Commitment and concern – VC bids SRC farewell

11 October 2023 | Story Kamva Somdyala. Photos Nasief Manie. Read time 4 min.
Outgoing SRC members were joined by members of the UCT executive at their farewell dinner.
Outgoing SRC members were joined by members of the UCT executive at their farewell dinner.

University of Cape Town (UCT) Vice-Chancellor (VC) interim Emeritus Professor Daya Reddy hailed the outgoing Students’ Representative Council (SRC) for their commitment to resolving students’ matters during their term of office. The current term ends at the end of October. A farewell dinner was held on Thursday, 5 October, at Glenara.

At this evening of reflection, Emeritus Professor Reddy anecdotally reminded his guests that he spent his first two days of his term not in his office, but in mediation talks as issues around fees became a talking point at the institution.

“That was my introduction to the SRC. In retrospect, I am very pleased about that. It gave me an opportunity – through the course of mediation – to learn a bit about some of you who were involved in it [mediation talks] and to gain some sense into the degree of commitment by the SRC to resolve those issues.

“As you know, it worked out well and had positive consequences, such as the agreement to work together to review the fee policy and, very recently, it is making headway through various committees,” he said.

Guidance and support

He added: “In reflecting on students’ representative councils and student governance, I was thinking about what a demanding facet of your lives it is. You get in and are required to find your feet immediately. I appreciate the fact that you have put your hand up and served your term; and appreciate all you have done for the student community and the university.”

Reddy said he understood that whatever expectations the student leaders may have had of the task at hand, it certainly proved more complex than they could have imagined.


“Thank you for your service. It is much appreciated.”

“Your activism and concern for students stood out, together with your commitment to fellow students. I do believe the SRC is an extremely important part of the university’s governance structure, and we look to you for guidance and support on student matters and we find it important to work with you.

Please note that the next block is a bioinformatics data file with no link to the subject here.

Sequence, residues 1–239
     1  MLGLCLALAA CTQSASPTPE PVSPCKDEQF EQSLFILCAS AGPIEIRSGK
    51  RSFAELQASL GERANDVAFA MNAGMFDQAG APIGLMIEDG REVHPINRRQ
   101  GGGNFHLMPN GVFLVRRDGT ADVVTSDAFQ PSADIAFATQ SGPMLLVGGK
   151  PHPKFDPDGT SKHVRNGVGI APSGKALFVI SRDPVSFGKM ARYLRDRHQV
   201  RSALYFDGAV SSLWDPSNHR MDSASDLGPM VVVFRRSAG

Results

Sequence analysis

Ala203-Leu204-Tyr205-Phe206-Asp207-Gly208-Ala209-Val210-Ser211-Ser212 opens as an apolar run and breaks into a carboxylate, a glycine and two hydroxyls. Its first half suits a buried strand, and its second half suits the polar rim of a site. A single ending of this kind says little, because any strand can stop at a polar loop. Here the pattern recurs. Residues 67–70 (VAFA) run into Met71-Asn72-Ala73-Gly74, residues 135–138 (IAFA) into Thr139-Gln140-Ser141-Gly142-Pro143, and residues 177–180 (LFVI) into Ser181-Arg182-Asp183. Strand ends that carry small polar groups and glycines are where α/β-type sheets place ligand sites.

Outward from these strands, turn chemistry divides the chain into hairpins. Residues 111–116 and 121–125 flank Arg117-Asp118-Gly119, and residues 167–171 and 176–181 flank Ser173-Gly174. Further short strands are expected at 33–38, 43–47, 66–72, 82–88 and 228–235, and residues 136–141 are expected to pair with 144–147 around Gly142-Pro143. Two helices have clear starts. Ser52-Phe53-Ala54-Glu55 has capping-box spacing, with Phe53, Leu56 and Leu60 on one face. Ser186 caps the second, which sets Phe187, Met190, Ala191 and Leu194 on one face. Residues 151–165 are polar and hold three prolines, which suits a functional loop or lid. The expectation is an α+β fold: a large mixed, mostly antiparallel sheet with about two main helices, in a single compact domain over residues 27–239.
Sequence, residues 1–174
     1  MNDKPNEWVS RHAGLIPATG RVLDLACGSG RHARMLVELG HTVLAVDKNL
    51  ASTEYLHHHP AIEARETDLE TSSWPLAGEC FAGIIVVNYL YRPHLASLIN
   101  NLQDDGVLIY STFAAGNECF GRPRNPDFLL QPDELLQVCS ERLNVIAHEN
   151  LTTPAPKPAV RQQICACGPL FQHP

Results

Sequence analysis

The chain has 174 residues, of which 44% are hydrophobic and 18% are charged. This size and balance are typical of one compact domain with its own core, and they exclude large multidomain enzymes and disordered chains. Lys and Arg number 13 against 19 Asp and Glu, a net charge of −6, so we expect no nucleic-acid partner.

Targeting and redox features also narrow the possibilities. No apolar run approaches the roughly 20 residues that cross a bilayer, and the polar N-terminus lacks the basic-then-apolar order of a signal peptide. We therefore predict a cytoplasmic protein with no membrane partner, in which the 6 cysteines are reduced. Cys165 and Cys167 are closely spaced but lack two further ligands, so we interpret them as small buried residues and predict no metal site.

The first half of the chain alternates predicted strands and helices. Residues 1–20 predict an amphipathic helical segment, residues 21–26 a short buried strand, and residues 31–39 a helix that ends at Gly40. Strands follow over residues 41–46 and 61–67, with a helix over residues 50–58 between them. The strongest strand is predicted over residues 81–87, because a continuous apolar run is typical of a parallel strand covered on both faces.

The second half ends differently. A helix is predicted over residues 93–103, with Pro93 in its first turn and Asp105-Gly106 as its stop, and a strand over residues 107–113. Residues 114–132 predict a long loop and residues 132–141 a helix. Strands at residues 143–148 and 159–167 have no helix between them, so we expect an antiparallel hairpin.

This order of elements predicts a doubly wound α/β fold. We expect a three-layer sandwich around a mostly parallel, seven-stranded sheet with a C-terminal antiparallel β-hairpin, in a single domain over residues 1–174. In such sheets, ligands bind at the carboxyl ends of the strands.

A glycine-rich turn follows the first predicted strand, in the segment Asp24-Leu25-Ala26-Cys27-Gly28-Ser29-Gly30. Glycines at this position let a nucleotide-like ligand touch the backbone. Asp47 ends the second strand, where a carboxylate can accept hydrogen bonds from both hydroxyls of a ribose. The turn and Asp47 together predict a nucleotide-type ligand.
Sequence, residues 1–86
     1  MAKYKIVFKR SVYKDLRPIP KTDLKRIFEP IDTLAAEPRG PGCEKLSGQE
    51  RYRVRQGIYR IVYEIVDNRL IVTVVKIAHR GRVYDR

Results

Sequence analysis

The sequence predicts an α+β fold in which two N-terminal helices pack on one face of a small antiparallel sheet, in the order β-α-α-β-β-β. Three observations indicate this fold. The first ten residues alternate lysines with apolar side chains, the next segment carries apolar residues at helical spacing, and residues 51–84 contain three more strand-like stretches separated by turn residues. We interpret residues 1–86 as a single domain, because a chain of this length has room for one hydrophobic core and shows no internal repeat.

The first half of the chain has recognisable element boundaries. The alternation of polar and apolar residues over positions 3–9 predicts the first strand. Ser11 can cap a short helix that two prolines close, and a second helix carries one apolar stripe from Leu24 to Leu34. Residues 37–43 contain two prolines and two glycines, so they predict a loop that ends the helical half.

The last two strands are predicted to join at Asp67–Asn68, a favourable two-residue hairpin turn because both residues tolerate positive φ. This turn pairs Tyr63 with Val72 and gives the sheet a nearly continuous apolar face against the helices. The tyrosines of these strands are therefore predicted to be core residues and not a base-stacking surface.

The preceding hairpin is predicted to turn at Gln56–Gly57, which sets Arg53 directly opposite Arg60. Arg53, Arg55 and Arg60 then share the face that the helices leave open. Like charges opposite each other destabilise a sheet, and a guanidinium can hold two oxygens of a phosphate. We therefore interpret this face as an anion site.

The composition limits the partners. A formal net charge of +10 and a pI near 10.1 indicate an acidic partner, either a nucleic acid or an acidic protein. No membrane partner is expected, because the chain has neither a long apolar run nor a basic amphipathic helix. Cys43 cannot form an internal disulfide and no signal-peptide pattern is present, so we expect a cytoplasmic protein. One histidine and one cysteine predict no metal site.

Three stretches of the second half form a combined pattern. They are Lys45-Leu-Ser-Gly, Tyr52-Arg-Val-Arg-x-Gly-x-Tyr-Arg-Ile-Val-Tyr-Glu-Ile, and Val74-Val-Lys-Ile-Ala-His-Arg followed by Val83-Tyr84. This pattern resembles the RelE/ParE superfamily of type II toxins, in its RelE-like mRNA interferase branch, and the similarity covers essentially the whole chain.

“You can now look forward to your studies and more time with your friends as the term comes to an end. Thank you for your service. It is much appreciated.”

Elections for the 2023/24 SRC concluded on 22 September. The newly elected representatives are expected to start their term on 1 November.


Deputy Vice-Chancellor (DVC) for Transformation, Student Affairs and Social Responsiveness Professor Elelwani Ramugondo said intergenerational engagement is best showcased during interactions between management and student leaders, saying oftentimes “adults don’t want to be led by young people”, however, she sees things differently and encourages it because as leaders make themselves available to serve, they provide guidance as well.

The SRC farewell dinner included reflective speeches.

Outgoing SRC president, Hlengiwe Gugulethu Lisa Dube, said that she hopes many of her fellow SRC members would have taken a meaningful and positive reflection from their term in office.

“I have gone through many speeches this year, but this one I have anticipated since last year. I stand here humbled by opportunities, grateful for the experience, surprised by the road travelled and excited for the destination; excited because this means another path has been discovered. Thank you to my team for persevering this year. Thank you for your persistence, ambition, and time.

“Whatever our term may look like from your side, I hope something came of it.”

SRC member Bhongolethu Tembe, who served as treasurer-general, said: “Because it’s been just a rollercoaster [of a term], we have focused a lot on the lows and conflicts. But don’t ignore the things we have achieved. Yes, there’s been backlash, but that doesn’t take away from what we achieved. Wear that with pride and don’t be shy to point out what we’ve achieved. We’ve also been able to learn from some of our mistakes and the real learning is not making those same mistakes in a different setting.”

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